Pan (mythology)


Pan (mythology)

Infobox Greek deity


Caption = Pan teaching his eromenos, the shepherd Daphnis, to play the panpipes 2nd century AD Roman copy of Greek original ca. 100 BC attributed to Heliodorus (found in Pompeii)
Name = Pan
God_of = God of shepherds and flocks, of mountain wilds and rustic music
Abode = Arcadia
Symbol =
Consort =
Parents = Hermes and Penelope
Siblings=
Children=
Mount =
Roman_equivalent = Faunus

Pan (Greek polytonic|Πάν, genitive polytonic|Πανός) is the Greek god of shepherds and flocks, of mountain wilds, hunting and rustic music: "paein" means to pasture. He has the hindquarters, legs, and horns of a goat, in the same manner as a faun or satyr. He is recognized as the god of fields, groves, and wooded glens; because of this, Pan is connected to fertility and season of spring.

Pan's ancient Roman equivalent was Faunus, and they were both Horned God deities. For this reason he is popular among many Neopagans and occultic groups.

Origins

The parentage of Pan is unclear; in some myths he is the son of Zeus, though generally he is the son of Hermes, with whom his mother is said to be a nymph, sometimes Dryope or, in Nonnus, "Dionysiaca" (14.92), a Penelope of Mantineia in Arcadia. [This is not the Penelope who was the wife of Odysseus.] His nature and name are alluring, particularly since often his name is mistakenly thought to be identical to the Greek word "pan," meaning "all", when in fact the name of the god is derived from the word "pa-on", which means "herdsman" and shares its prefix with the modern English word "pasture". In many ways he seems to be identical to Protogonus/Phanes.

Probably the beginning of the linguistic misunderstanding is the Homeric Hymn to Pan, which describes him as delighting "all" the gods, and thus getting his name. The Roman counterpart to Pan is Faunus, another version of his name, which is at least Indo-European. However, accounts of Pan's genealogy are so varied that it must lie buried deep in mythic time. Like other nature spirits, Pan appears to be older than the Olympians, if it is true that he gave Artemis her hunting dogs and taught the secret of prophecy to Apollo. Pan might be multiplied as the Panes (Burkert 1985, III.3.2; Ruck and Staples 1994 p 132 [Pan "even boasted that he had slept with every maenad that ever was—to facilitate that extraordinary feat, he could be multiplied into a whole brotherhood of Panes.")] ) or the "Paniskoi". Kerenyi (1951 p 174) notes from scholia that Aeschylus in "Rhesus" distinguished between two Pans, one the son of Zeus and twin of Arcas, and one a son of Kronos. "In the retinue of Dionysos, or in depictions of wild landscapes, there appeared not only a great Pan, but also little Pans, Paniskoi, who played the same part as the Satyrs".

Worship

The worship of Pan began in Arcadia, and Arcadia was always the principal seat of his worship. Arcadia was a district of mountain people whom other Greeks disdained. Arcadian hunters used to scourge the statue of the god if they had been disappointed in the chase (Theocritus. vii. 107).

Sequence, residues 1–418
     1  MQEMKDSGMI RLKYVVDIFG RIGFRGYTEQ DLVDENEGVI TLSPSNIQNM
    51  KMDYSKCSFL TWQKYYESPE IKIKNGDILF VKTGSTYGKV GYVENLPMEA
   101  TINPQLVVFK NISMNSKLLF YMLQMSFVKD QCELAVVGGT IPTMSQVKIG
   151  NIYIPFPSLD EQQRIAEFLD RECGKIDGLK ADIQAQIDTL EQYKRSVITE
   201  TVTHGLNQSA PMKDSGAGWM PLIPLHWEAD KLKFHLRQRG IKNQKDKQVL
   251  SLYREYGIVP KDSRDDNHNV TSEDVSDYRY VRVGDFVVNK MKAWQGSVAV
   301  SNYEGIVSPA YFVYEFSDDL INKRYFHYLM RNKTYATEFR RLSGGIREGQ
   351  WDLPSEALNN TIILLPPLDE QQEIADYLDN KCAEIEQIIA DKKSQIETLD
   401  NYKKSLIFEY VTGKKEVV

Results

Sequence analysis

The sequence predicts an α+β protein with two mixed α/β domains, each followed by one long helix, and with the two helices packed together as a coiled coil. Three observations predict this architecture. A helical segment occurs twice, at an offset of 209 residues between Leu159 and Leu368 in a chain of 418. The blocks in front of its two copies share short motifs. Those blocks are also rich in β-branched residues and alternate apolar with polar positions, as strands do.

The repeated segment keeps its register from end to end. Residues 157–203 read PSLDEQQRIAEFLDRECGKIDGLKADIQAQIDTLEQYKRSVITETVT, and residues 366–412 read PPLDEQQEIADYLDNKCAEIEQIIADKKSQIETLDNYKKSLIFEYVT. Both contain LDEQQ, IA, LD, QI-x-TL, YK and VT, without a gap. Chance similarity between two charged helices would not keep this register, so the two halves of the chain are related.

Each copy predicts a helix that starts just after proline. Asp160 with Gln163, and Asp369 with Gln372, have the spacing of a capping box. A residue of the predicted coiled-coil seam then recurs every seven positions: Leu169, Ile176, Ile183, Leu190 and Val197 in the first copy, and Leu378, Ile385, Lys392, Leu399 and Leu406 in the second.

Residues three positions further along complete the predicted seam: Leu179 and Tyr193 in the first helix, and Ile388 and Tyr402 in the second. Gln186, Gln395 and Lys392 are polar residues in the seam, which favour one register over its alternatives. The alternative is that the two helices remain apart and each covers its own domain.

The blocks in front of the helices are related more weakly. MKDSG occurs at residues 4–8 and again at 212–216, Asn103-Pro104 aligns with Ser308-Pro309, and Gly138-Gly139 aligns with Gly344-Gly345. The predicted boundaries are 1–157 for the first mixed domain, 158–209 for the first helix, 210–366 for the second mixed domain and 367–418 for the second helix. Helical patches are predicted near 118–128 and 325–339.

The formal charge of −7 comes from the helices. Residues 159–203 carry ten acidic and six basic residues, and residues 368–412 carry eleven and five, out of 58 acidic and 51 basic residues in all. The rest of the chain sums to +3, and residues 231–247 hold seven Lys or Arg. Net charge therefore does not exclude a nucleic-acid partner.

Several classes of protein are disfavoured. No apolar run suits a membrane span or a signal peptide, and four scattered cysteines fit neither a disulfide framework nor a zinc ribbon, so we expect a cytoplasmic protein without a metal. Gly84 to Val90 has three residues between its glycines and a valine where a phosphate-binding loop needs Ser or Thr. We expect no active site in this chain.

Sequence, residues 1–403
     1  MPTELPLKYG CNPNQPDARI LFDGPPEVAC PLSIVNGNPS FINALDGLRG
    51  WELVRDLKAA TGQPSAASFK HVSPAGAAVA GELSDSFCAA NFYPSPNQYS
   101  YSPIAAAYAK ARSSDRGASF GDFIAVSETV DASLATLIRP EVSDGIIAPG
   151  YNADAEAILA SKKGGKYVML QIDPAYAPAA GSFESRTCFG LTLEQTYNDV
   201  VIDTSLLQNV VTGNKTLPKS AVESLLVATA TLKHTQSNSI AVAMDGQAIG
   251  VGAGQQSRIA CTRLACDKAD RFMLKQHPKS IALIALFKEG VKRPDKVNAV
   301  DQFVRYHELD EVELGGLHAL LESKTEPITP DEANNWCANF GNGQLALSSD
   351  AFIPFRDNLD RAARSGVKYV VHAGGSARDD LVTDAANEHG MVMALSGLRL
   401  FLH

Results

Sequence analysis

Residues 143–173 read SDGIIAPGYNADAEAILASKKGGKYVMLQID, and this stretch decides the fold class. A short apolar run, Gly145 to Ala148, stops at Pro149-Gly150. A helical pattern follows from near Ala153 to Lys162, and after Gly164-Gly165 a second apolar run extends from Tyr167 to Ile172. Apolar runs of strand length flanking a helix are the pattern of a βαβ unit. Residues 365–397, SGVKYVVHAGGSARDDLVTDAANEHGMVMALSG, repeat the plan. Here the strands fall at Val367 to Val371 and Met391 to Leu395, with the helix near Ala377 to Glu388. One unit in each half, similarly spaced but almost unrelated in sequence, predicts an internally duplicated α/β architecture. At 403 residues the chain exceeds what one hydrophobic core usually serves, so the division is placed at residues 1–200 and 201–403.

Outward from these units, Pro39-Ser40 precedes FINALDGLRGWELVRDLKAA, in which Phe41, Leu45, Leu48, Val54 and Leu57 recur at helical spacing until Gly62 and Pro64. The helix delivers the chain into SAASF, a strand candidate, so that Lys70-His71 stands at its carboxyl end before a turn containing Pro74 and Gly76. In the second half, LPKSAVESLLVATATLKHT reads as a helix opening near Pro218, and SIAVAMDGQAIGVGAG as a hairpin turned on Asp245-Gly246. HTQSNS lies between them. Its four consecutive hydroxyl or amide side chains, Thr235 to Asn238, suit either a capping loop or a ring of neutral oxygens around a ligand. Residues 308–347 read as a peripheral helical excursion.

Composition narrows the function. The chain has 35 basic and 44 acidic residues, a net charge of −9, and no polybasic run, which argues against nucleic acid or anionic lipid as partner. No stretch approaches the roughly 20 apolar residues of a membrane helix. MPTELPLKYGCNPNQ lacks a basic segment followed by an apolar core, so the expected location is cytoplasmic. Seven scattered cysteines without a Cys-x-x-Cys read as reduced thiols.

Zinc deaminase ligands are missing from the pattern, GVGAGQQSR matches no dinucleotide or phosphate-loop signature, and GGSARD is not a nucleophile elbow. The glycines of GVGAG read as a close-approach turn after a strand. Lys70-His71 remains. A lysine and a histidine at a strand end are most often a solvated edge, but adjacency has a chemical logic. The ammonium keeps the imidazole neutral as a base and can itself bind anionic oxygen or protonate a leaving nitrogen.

Pan inspired sudden fear in lonely places, Panic ("panikon deima"). Following the Titans' assault on Olympus, Pan claimed credit for the victory of the gods because he had inspired disorder and fear in the attackers resulting in the word 'panic' to describe these emotions. Of course, Pan was later known for his music, capable of arousing inspiration, sexuality, or "panic", depending on his intentions. In the Battle of Marathon (490 BC), it is said that Pan favored the Athenians and so inspired panic in the hearts of their enemies, the Persians.

Mythology

The goat-god Aegipan was nurtured by Amalthea with the infant Zeus in Crete. In Zeus' battle with Typhon, Aegipan and Hermes stole back Zeus' "sinews" that Typhon had hidden away in the Corycian Cave. ["In this Hermes is clearly out of place. He was one of the youngest sons of Zeus and was brought into the story only because... he was a master-thief. The real participant in the story was Aigipan: the god Pan, that is to say. in his quality of a goat ("aix"). (Kerenyi 1951:28). Kerenyi points out that Python of Delphi had a son Aix (Plutarch, "Moralia" 293c) and detects a note of kinship betrayal.] Pan aided his foster-brother in the battle with the Titans by blowing his conch-horn and scattering them in terror. According to some traditions, Aegipan was the son of Pan, rather than his father.

One of the famous myths of Pan involves the origin of his trademark pan flute. Syrinx was a lovely water-nymph of Arcadia, daughter of Landon, the river-god. As she was returning from the hunt one day, Pan met her. To escape from his importunities, the fair nymph ran away and didn't stop to hear his compliments. He pursued from Mount Lycaeum until she came to her sisters who immediately changed her into a reed. When the air blew through the reeds, it produced a plaintive melody. The god, still infatuated, took some of the reeds, because he could not identify which reed she became, and cut seven pieces (or according to some versions, nine), joined them side by side in gradually decreasing lengths, and formed the musical instrument bearing the name of his beloved Syrinx. Henceforth Pan was seldom seen without it.